Henry III’s Fine Rolls Blog Sunday 28 August to Saturday 3 September 1261

Henry spent all this week at Windsor.  Bad news kept pouring in.  We have seen from last week’s blog, that the sheriff of Bedfordshire and Buckinghamshire was losing control of his counties.  A letter arrived from  the stalwart, James of Audley, revealing a similar situation  in Shropshire and Staffordshire.  In the north, Hugh Bigod, having tamely surrendered Dover to the king earlier in the year, now refused to give up Scarborough. He was, he declared, under oath not to surrendered it ‘without the will  and express order of the king and his magnates’. This showed he was still recognising the authority of the council of magnates imposed on the king in 1258.  And then intelligence arrived that Simon de Montfort had gone to France.  Henry said he did not know why, but must have feared that the earl’s aim was to replace the military force Henry hoped to raise abroad with one of his own. On Friday 2 September, Henry wrote accordingly to King Louis: please don’t  believe what Montfort tells you, and please  prevent him from acting to my prejudice ‘in the affair between us and our barons’.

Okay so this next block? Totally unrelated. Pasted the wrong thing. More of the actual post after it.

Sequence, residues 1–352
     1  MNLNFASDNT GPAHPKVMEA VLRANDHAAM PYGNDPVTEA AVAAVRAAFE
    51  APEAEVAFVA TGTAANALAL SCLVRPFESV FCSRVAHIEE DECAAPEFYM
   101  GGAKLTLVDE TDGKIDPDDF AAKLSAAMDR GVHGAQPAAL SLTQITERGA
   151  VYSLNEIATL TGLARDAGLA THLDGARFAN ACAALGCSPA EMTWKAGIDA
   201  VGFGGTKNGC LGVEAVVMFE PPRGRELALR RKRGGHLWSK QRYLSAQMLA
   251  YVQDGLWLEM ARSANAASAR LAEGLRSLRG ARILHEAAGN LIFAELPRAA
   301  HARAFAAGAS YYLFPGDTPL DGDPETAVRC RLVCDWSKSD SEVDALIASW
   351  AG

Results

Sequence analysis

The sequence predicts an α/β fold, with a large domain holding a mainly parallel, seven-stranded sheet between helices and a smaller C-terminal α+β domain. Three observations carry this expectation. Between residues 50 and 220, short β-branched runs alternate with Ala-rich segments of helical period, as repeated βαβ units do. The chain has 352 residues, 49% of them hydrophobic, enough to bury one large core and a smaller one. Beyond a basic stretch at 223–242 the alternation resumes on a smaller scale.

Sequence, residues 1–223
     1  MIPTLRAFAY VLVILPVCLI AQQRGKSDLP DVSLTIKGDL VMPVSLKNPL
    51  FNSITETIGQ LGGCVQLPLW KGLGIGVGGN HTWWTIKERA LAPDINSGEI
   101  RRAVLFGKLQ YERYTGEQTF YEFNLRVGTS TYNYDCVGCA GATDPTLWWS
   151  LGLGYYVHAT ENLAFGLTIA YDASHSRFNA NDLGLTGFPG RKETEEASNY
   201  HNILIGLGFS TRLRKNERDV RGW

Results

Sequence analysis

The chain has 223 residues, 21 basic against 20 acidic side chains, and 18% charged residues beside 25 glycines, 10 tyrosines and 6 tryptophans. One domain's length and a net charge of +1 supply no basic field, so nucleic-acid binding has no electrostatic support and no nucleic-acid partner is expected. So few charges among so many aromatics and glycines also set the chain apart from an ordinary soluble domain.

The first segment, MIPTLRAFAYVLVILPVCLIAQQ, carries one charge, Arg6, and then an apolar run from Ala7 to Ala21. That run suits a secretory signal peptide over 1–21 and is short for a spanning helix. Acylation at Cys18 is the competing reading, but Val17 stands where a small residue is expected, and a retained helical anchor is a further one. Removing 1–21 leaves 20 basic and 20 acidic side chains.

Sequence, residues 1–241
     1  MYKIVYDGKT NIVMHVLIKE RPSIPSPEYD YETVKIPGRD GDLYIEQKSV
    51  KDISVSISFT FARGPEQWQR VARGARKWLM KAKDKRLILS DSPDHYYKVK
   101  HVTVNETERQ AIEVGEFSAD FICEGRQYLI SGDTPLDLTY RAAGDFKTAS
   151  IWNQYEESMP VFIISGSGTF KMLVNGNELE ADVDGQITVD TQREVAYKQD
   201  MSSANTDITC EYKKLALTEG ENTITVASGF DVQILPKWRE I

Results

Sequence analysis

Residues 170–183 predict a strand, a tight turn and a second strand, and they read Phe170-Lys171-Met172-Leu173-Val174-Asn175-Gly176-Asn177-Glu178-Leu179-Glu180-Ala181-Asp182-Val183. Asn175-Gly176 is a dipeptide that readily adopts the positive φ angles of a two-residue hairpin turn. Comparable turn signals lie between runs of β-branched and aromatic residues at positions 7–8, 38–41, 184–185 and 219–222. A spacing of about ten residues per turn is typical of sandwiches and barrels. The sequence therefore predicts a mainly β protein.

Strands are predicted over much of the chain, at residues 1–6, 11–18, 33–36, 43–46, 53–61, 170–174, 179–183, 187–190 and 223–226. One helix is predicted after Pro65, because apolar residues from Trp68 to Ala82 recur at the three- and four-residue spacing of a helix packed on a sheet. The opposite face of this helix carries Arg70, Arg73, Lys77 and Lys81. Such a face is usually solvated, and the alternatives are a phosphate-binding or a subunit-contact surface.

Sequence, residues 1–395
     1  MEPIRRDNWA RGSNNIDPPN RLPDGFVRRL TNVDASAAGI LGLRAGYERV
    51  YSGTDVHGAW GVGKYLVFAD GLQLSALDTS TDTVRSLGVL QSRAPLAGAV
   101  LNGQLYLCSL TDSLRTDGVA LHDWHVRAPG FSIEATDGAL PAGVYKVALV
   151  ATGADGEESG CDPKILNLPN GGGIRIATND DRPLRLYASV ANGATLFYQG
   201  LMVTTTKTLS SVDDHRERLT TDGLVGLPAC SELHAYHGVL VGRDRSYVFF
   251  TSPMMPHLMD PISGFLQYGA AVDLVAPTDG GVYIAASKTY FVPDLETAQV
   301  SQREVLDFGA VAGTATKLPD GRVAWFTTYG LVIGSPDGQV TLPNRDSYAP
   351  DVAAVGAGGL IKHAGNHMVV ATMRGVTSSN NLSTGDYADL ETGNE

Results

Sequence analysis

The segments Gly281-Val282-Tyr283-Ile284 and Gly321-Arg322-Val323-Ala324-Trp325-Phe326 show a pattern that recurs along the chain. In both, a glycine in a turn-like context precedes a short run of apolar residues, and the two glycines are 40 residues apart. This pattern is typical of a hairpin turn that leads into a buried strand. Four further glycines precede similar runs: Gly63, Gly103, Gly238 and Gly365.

The fine rolls themselves shed an interesting light on the situation. In this week no less than thirty-six writs were purchased to commence or expedite the common law legal actions.  None, however,  were purchased from Buckinghamshire, Bedfordshire, Hertfordshire and Essex, which may well reflect the situation in those counties. Equally there were none from Audley’s Shropshire and Staffordshire, and Matthias Bezill’s Gloucestershire (for which see last week’s blog.) On the other hand, thirty-six writs purchased in all was not a bad total. People were still willing and able to come to Windsor, and had confidence that the legal actions they were pursuing were not going to be engulfed in  a civil war. This may help explain why Henry had felt able to return to Windsor, and why he continued to put his trust in conciliation as much as confrontation.  He thus counselled James of Audley to behave with caution and pass over mere verbal resistance. He should only act otherwise if there was violent resistance to the king’s officers.  Henry also sent an envoy to Norfolk and Suffolk to explain the affection and benevolence he felt for everyone in the two counties. The claims of malevolent people that he intended to subvert their rights and liberties were completely false.   See next week’s instalment.

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